Construction projects have included waste levels of more than 25%, and a major portion of that waste is related to the building envelope and facade. Waste consists of redundant document production, unused stored materials, idling workers, rework of installations, and other factors.

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is related to the building envelope and façade”

Owners and general contractors need to understand how much waste is connected to facade design engineering and planning processes.

New Contract Structure

The Design-Bid-Build relationship is the traditional contract model. Unfortunately, it makes it difficult for owners to drive project efficiency because of a lack of transparency in business processes and cost management systems.

In these circumstances, no one can take ownership of cost management over the entire life of a construction project. The Design-Build-Operate relationship is one answer to this issue.

In this form of agreement owners have the ability to coordinate the work of general contractors, subcontractors, building product manufacturers, operation and maintenance companies, and other stakeholders, in order to find a better way to deliver projects.

This approach makes building construction more like large scale product manufacturing, which historically has had much less waste.

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Information Exchange Problems

When facade design engineers make fabrication documents, information exchange is a critical issue. If a building has a complex facade shape, it is important to seamlessly generate accurate 3D geometry and to produce specific 2D drawings for CNC cutting machines.

Current BIM software has limited capability to produce 3D geometry appropriate to fabrication. Therefore it makes sense for architects to access libraries of parts used by a manufacturer rather than creating similar information from scratch.

It is hard for facade design engineers to adapt to frequent design changes and reproduce facade production documents on the fly, unless they are directly connected to the architect’s model.

Installation Planning

Installation is, of course, an important perspective from which to improve productivity. If the unique types and shapes of facade panels grow in number and variety, it becomes increasingly difficult to manage onsite installation.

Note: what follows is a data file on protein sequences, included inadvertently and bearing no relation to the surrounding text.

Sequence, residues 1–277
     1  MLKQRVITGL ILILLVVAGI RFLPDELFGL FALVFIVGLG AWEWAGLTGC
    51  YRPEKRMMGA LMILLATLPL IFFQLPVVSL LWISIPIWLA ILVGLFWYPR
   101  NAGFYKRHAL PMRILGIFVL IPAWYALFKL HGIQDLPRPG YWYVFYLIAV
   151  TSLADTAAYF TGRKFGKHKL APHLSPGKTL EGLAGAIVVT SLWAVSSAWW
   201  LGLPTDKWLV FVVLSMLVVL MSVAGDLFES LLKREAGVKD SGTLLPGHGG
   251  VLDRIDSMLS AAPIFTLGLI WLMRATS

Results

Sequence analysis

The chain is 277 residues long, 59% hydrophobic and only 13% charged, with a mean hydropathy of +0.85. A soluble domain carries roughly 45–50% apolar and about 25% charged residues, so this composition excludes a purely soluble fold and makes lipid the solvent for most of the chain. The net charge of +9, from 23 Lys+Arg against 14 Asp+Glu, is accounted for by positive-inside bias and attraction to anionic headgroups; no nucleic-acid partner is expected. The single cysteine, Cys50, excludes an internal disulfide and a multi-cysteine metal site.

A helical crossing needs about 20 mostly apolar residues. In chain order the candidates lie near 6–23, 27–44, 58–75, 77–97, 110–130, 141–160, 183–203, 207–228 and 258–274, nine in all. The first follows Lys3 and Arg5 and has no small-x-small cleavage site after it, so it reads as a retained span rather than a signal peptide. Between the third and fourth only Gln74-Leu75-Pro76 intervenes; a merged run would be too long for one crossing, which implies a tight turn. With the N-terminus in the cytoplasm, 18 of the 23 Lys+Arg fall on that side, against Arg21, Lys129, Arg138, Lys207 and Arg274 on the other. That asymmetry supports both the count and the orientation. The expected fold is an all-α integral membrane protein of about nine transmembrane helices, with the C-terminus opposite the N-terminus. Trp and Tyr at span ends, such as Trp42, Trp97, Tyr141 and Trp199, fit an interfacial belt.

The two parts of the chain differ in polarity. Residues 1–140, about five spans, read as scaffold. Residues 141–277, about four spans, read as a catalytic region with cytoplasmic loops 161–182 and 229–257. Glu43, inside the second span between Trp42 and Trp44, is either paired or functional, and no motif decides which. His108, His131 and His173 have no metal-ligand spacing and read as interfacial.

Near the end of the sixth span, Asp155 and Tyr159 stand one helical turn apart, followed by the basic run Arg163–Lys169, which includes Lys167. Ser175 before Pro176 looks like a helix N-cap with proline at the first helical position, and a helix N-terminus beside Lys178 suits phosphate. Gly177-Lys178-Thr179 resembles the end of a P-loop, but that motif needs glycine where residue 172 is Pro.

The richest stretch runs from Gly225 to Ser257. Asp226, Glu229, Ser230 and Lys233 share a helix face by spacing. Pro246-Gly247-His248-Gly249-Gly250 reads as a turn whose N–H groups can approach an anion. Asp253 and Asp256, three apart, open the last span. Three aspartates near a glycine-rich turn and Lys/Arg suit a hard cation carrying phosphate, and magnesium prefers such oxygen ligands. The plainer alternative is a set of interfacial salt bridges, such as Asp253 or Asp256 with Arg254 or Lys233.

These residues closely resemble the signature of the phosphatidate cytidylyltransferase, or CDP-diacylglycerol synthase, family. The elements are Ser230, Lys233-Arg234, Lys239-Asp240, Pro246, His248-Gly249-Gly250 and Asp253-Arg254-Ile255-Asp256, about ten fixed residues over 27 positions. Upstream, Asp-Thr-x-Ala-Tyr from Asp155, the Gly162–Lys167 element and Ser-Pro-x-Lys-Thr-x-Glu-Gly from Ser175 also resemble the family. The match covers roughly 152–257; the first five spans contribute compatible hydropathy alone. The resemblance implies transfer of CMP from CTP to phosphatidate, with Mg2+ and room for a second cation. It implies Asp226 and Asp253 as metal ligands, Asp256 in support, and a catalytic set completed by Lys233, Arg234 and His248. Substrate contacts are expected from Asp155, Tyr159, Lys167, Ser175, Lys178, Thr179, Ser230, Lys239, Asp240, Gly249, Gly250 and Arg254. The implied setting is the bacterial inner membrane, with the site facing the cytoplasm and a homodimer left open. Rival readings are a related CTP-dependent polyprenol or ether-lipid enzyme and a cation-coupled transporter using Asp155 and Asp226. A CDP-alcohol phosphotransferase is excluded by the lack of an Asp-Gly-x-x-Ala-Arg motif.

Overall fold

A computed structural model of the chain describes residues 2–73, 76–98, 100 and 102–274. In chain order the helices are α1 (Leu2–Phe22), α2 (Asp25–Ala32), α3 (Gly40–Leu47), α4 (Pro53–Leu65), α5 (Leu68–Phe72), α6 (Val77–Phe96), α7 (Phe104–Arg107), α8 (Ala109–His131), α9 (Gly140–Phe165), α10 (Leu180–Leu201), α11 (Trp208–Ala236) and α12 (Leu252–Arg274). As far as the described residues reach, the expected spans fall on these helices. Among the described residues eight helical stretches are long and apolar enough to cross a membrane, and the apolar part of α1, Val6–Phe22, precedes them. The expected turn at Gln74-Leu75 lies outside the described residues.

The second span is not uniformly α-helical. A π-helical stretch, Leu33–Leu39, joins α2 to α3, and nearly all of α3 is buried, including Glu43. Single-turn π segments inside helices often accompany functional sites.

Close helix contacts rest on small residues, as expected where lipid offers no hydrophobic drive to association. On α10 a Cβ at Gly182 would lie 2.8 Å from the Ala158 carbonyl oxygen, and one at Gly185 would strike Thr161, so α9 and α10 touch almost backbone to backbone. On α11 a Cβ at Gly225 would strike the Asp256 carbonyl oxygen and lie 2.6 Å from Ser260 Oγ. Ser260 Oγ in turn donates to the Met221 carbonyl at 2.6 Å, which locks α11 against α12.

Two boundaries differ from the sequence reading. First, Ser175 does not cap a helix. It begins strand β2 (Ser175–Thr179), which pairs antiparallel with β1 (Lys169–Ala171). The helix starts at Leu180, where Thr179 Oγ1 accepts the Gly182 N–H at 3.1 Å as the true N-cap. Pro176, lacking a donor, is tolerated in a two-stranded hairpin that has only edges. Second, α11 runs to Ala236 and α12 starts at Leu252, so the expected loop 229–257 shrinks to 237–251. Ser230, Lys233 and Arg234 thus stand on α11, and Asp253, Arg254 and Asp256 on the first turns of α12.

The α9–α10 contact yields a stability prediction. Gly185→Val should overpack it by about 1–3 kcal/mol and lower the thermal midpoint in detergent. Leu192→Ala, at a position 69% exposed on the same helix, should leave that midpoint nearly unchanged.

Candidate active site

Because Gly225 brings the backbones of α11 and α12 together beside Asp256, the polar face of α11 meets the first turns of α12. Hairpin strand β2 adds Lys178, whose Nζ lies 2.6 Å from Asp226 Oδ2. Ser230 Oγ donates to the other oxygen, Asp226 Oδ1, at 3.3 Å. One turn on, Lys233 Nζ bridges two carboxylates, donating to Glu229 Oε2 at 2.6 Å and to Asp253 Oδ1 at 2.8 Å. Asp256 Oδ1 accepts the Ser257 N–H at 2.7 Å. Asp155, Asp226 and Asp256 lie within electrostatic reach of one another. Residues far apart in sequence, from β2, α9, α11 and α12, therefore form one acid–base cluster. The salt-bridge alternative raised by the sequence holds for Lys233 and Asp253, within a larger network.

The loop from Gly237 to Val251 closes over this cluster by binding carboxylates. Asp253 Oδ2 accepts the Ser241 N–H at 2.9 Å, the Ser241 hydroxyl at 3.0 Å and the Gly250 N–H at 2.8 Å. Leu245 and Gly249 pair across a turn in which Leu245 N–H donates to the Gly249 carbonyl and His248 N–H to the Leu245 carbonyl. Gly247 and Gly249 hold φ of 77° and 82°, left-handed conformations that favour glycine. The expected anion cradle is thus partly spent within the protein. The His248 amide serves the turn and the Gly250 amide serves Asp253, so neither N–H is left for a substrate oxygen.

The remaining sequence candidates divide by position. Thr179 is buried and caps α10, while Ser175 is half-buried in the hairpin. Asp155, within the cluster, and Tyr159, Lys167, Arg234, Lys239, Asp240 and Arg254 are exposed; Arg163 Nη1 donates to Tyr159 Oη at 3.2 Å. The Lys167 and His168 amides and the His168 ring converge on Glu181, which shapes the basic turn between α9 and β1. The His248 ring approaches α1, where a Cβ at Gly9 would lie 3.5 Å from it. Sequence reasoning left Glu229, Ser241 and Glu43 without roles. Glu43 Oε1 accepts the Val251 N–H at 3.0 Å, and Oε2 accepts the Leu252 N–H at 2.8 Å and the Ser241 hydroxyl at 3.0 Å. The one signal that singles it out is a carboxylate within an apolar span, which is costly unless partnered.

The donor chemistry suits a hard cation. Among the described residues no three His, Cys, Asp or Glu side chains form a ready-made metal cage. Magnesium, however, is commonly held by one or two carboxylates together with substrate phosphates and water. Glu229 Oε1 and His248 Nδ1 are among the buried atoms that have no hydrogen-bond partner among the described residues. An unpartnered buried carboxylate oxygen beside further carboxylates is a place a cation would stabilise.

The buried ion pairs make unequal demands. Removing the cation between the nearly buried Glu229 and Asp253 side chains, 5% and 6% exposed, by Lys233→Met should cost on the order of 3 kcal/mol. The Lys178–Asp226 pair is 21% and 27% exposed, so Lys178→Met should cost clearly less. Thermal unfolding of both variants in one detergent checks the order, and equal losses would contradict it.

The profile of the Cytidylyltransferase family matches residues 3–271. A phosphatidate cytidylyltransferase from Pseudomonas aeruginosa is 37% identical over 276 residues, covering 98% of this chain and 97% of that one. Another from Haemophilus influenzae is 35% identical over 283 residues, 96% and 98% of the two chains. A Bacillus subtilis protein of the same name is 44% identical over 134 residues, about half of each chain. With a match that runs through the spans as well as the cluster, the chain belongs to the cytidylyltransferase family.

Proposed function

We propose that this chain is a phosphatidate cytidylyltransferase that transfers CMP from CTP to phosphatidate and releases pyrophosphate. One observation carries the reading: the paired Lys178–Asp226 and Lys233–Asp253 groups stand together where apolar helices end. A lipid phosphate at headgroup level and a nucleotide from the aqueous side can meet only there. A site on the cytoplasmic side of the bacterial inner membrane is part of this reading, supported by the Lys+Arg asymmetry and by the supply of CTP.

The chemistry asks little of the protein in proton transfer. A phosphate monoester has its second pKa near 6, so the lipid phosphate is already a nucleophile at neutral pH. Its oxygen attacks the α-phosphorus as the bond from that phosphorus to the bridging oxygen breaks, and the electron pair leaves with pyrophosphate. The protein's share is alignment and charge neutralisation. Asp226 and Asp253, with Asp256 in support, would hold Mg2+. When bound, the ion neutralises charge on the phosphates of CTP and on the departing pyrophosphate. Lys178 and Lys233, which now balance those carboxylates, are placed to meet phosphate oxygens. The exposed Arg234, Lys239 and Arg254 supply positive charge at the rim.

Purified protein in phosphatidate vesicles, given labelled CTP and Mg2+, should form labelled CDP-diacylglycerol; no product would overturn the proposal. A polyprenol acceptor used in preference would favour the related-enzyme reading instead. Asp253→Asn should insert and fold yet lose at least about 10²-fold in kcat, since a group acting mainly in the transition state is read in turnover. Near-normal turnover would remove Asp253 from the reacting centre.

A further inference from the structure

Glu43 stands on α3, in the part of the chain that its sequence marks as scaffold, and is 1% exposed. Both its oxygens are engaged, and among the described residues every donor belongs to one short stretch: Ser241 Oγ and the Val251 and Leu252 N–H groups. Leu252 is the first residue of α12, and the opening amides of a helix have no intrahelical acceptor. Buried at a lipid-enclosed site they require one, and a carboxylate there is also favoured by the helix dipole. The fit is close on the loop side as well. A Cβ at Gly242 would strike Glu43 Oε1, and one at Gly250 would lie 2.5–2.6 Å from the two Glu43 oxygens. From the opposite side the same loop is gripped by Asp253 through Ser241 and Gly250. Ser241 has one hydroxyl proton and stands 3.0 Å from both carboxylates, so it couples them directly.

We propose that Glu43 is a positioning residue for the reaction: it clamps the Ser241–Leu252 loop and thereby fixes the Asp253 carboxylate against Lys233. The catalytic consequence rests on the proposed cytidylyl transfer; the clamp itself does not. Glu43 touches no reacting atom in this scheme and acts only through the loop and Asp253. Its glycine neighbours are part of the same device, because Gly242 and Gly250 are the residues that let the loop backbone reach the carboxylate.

If delivery sequence and installation processes of panels are not managed well onsite, it is hard to understand which panels should be installed in which positions. This could result in a large waste of time and resources.

To compound this problem neither manufacturers nor architects include cranes, scaffolds, and other installation equipment in the documents. This third data source must also be included to optimize the delivery process.

In summary, we need new contracts, new processes, and new tools to address the massive amount of waste in building construction. The separate processes of design, fabrication detailing, and installation planning need to be combined into a single environment to properly understand costs and risks in building projects. A promising solution for such an environment is on the cloud.

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11 Benefits That Sway Non-Practitioners to Adopt Lean Construction Practices

By Akio
McGraw Hill Construction, the Lean Construction Institute, and Dassault Systèmes teamed up to produce an in-depth report on Lean Construction. Below is an excerpt from that report on the benefits that will influence non-practitioners to adopt Lean practices.

Construction workers

Potential Benefits With a High Influence on Non-Practitioners for the Adoption of Lean Practices

Over half of the firms that are familiar with Lean but are not using any Lean practices find that nine different benefits from achieving Lean would be highly influential on their decision to use a Lean approach.

While some factors do appear to influence a wider range of companies, this finding does suggest that emphasizing the range of benefits to be achieved by implementing Lean will be an effective way to engage a broad swath of the industry.

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Firms appear to be influenced most by factors that impact their bottom line and their competitiveness, but factors that help them improve the way work is done at their company—from improving safety to the ability of supervisory staff to focus on managing employees—are also important.

The potential benefits with the greatest degree of influence on these firms are similar to the benefits expected by practitioners when they first implemented Lean.

Greater productivity and profitability are considered the most influential drivers. The study results clearly demonstrate that most contractors who have implemented any Lean practices are experiencing these benefits, but firms considering Lean need to make sure the level of achievement they expect coincides with what others in the industry have achieved.

Other critical benefits to encourage wider Lean adoption among those familiar with Lean are greater customer satisfaction and higher quality construction.

These directly impact a firm’s reputation and their ability to be competitive, and they are among the highest of the benefits reported. To encourage wider Lean adoption, capturing these benefits in clear, quantifiable terms and widely publicizing them is likely to have a broad impact in the industry.

Variation by Type of Firm

While the number of specialty trade contractors who are familiar with Lean but not implementing any Lean practices is too small to draw definitive conclusions, there is a clear trend for three factors to have a higher influence on trade contractors than on general contractors: greater productivity, improved safety and greater customer satisfaction.

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Trade firms have a greater focus on individual workers in general, as is revealed in the in-depth interviews with Lean experts, which is why improved productivity and safety are particularly critical to them.

In addition, even more than general contractors, trade contractors frequently rely on their reputation and shared experience with general contractors to be selected for work. Building satisfaction among the general contractors is a strong way for them to become more competitive.